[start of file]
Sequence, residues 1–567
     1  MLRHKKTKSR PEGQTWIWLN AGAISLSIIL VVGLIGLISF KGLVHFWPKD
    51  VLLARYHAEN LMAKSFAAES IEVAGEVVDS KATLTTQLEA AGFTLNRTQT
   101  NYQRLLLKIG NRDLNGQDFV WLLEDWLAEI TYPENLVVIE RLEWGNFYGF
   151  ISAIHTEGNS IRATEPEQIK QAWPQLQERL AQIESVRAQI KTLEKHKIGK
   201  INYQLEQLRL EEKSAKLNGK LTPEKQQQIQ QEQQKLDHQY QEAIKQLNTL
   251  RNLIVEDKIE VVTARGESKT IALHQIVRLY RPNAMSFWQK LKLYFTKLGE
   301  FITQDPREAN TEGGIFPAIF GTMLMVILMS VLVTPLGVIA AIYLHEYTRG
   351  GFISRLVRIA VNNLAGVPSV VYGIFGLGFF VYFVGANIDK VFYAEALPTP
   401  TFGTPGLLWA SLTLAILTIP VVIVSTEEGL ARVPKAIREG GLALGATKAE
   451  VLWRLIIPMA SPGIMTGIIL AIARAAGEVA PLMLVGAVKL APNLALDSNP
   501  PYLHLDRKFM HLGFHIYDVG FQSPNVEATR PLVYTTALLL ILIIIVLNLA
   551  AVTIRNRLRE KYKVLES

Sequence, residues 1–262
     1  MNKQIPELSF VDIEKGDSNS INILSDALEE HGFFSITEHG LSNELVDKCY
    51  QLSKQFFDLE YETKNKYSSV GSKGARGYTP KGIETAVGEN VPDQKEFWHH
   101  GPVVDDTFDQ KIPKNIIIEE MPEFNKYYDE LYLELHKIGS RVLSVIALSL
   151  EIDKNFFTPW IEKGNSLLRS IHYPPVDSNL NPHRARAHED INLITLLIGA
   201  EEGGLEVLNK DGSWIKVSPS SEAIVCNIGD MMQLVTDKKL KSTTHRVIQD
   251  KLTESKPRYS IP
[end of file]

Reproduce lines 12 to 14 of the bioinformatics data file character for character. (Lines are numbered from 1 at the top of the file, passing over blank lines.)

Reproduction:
   501  PYLHLDRKFM HLGFHIYDVG FQSPNVEATR PLVYTTALLL ILIIIVLNLA
   551  AVTIRNRLRE KYKVLES

Sequence, residues 1–262